By Juan Martorana, Active Citizenship Communications Coordinator
Twenty-two year old Pacific Islander Tinaai Teaua is currently at the CoP21 climate summit in Paris to ensure her peoples’ future: to conserve their land and guarantee their culture.
“We are very social people, and can still be recognised by our language, especially when we sing and dance,” says Tinaai.
“I love how we are connected to our land and the ocean so intimately. I want to continually practice my culture,” she tells me, “so it won’t be extinct for the future.”
I get it.
I’m sure most people get it.
Tinaai’s hope is that by being in Paris, leaders of the world’s rich and powerful nations will hear voices like hers, and finally they will get it too.
Her message, and that of many people in the Pacific, is that everyone’s long-term “prosperity” — in every sense of the word — can’t be built on short-term thinking that ignores the climate impacts on our land, on our oceans, and on people.
Our response to climate change, our response to the wild winds, the lack of rain, the rising temperatures and sea levels, our response to the dying coral, the crumbling Antarctic, and the hunger, thirst, and the loss of homes, community and culture that this creates; this response needs a deeper think. We need a more comprehensive response. And we need it quickly!
Very quickly, if we are to preserve the land and culture of low-lying Pacific island nations like Kiribati (pronounced keer-uh-bas).
Tinaai is one of at least 40,000 people — incl. those attached to government delegations, and other observers — that are estimated to have descended on the French capital for the 12 days of climate negotiations. But she is only one of 24 people from Kiribati.
The Pacific, including nations like Kiribati, is on the front line of climate change.
“Earlier this year there was a king tide which is higher and stronger than usual,” says Tinaai. “It hit most of the homes in Kiribati; I was so scared. It affects our people emotionally: they live in fear that even higher tides will come and take all their lands.”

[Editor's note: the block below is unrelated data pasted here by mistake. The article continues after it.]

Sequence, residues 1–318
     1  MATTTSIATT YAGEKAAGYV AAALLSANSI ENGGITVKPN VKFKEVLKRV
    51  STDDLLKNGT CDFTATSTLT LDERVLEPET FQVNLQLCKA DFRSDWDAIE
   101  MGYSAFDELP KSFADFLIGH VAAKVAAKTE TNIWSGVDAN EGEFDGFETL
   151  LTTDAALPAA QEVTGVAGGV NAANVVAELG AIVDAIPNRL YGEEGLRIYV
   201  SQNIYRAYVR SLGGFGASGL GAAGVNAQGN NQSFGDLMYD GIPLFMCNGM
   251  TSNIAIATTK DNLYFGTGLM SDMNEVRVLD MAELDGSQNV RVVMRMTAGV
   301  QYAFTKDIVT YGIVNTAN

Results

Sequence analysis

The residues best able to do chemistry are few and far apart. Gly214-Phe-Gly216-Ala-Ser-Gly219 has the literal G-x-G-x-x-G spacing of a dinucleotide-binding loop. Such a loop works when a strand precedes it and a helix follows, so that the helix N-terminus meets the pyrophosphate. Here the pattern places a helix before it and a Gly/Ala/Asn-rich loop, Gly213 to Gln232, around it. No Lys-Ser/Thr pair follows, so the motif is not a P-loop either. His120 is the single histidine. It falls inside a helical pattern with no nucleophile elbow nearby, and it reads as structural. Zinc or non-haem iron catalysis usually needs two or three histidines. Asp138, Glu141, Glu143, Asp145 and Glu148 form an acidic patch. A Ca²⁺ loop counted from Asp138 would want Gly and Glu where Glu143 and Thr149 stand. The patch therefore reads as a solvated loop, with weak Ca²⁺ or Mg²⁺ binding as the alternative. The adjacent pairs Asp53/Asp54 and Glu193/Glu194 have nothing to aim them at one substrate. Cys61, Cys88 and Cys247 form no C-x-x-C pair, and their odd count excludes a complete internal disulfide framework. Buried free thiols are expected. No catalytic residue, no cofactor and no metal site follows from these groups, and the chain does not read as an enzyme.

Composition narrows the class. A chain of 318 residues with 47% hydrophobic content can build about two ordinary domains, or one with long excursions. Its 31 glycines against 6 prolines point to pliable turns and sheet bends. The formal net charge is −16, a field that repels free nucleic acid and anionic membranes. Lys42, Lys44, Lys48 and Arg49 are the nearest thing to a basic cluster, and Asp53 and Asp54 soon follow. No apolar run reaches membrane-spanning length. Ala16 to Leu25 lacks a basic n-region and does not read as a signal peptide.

“Kiribati is a very small, low lying [group of] islands surrounded by water,” explains Tinaai. “King tides and coastal erosion is affecting our food crops. We depended on breadfruit tree, coconut tree and giant swamp taro. During the king tide they all got destroyed. It also affected our ground water [and] our community people got sick from using this brackish water. The babies got boils on their skin, diarrhoea and so many problems.”
“It was devastating and horrible seeing innocent people suffering the most,” she says.
Tinaai recently joined a group of around 20 Oxfam “Climate Change Makers” who spent time lobbying parliamentarians in Canberra. “I tried to speak powerfully and explain more about Kiribati [to make] it real to ministers so then they would care more. I did this lobbying work to present my people; especially the young people, for [their] future is so a nightmare!”
“Our message to decision makers was we must act now,” says Tinaai.
“Without [this], Kiribati nation very soon will be under water. Losing lands, we lose sovereignty, culture and identity as I-Kiribati; and that is the last thing I could bear in my life.
“I am so happy and proud of those Australians who support us to combat climate change as the biggest issue [facing the world right] now. They are showing the world how to care for [other] peoples; from their work, [comes] more opportunities [for us] to be resilient people and adapt in different ways.
“I don’t want to leave my Kiribati home; it is my identity!” says Tinaai.
Prime Minister Malcolm Turnbull, Foreign Minister Julie Bishop, Environment Minister Greg Hunt and Minister for International Development Steve Ciobo are also in Paris. Send a message to these senior government leaders that they must support our sisters and brothers in the Pacific. They must take stronger action to combat climate change.